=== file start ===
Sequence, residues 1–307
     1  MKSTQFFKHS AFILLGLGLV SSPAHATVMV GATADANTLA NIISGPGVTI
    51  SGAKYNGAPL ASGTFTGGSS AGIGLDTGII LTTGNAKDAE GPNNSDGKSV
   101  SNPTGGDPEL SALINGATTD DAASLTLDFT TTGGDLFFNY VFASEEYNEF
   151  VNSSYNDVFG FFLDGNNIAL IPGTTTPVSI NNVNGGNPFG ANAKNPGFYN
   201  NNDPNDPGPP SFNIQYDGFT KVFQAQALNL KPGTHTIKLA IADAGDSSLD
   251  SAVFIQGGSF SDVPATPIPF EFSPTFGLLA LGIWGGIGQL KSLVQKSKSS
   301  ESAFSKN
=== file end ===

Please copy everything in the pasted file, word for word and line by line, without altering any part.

Sequence, residues 1–307
     1  MKSTQFFKHS AFILLGLGLV SSPAHATVMV GATADANTLA NIISGPGVTI
    51  SGAKYNGAPL ASGTFTGGSS AGIGLDTGII LTTGNAKDAE GPNNSDGKSV
   101  SNPTGGDPEL SALINGATTD DAASLTLDFT TTGGDLFFNY VFASEEYNEF
   151  VNSSYNDVFG FFLDGNNIAL IPGTTTPVSI NNVNGGNPFG ANAKNPGFYN
   201  NNDPNDPGPP SFNIQYDGFT KVFQAQALNL KPGTHTIKLA IADAGDSSLD
   251  SAVFIQGGSF SDVPATPIPF EFSPTFGLLA LGIWGGIGQL KSLVQKSKSS
   301  ESAFSKN